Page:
Number of homeschooled children in Hampshire doubles in four-year period
THE number of children being homeschooled in Hampshire has more than doubled in the past four years, according to new figures.
A new report published by Hampshire County Council shows there were 1,355 children in elective home education (EHE) as of the 2020/21 academic year.
This is a 112 per cent increase from 2017/18, when 639 children were being homeschooled.
However, some of these children have returned to school this academic year.
In the report, the county council's director of children's services, Jonathan Willcocks, said the Covid-19 pandemic has led to a rise in home schooling.
He said: 'Whilst the number of children electively home educated continues to rise there is also a considerable turnover of children being electively home educated with many choosing to return to school after a limited period.
'The highest ever number of children and young people were recorded as being EHE in Hampshire during the academic year 2020/21, mainly linked to the Covid-19 pandemic.
'The number of children and young people becoming EHE has increased significantly in Hampshire and across England with large rises during the 2020/21 academic year and a correlation in additional numbers linked to returns to compulsory school attendance during the Covid-19 pandemic.'
The county council registers all known young people receiving home education on a database.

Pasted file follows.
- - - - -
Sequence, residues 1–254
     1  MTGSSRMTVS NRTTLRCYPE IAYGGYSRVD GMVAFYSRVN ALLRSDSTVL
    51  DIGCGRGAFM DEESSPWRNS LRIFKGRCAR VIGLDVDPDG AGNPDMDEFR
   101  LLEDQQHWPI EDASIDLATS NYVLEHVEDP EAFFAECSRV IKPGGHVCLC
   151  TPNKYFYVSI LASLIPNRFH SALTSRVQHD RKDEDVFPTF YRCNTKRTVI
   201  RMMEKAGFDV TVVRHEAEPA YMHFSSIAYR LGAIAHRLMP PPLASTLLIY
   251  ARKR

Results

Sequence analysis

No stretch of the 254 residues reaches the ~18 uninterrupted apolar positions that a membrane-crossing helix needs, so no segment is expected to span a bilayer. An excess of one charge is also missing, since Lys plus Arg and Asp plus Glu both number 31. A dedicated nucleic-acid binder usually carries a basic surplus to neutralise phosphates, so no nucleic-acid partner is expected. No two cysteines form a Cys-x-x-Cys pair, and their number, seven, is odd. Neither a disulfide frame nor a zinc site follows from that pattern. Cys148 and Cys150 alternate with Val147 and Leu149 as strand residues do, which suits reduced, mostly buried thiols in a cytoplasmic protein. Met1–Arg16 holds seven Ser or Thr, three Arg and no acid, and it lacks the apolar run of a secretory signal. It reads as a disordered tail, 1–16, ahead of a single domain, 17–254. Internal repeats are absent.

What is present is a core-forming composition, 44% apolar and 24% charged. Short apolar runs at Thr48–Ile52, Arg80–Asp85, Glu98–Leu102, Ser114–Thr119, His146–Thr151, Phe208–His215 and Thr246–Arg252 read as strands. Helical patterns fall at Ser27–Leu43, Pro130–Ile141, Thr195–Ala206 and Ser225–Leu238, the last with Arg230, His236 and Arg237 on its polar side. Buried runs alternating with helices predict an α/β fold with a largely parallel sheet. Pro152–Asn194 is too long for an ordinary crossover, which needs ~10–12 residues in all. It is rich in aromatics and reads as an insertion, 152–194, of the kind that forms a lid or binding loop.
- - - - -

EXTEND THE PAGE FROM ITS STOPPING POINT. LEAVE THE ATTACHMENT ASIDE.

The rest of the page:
Although parents do not have to stick to the national curriculum, they do have to show that educational needs are still being met.
This was made clear in the judicial review of Goddard v Portsmouth City Council last year, after Portsmouth Home Educators claimed homeschooled children were being forced back into schools.
The city council said it was ensuring 'suitable education' was taking place, with the High Court siding with the council and dismissing the challenge.
Cllr Roz Chadd, the county council's executive lead member for children's services, said: 'In Hampshire we have seen an increase in notifications from parents intending to EHE. This is in line with most other local authority areas and is mostly linked to Covid-19.
'I recognise that EHE is equal in law to children attending school, and also that many parents provide excellent educational provision for their children.
'When a parent withdraws their child from the school to teach them at home, the school must both report this to their local authority and remove the child from the school’s roll.
'By electively home educating parents take full responsibility for educating their child or children.
'We would welcome further changes to the law and guidance around EHE, particularly for children who may be receiving a limited and unsuitable education.'
Cllr Chadd added that parents who have never sent their child to school are not obliged to inform their local authority - but many do so to get support from the council.
Hannah Titley, founder and CEO of the Home Schooling Association (HSA) said: 'The figures resonate with our own experience - this year, we experienced a 50 per cent increase in enquiries from families choosing to home school.
'Many started home schooling to avoid disruption to their child's education during the pandemic and have decided to continue.
'For some children, this year has been an opportunity to take a step back from constant testing at school and has enabled them to flourish.
Parents have reported that their children are less anxious, have more time to pursue hobbies like art, yoga, and cycling, and have become more intellectually curious. One-to-one learning has created a safe space for their children to ask questions and think laterally.'
The children and young people select committee will meet on Friday to discuss the report further.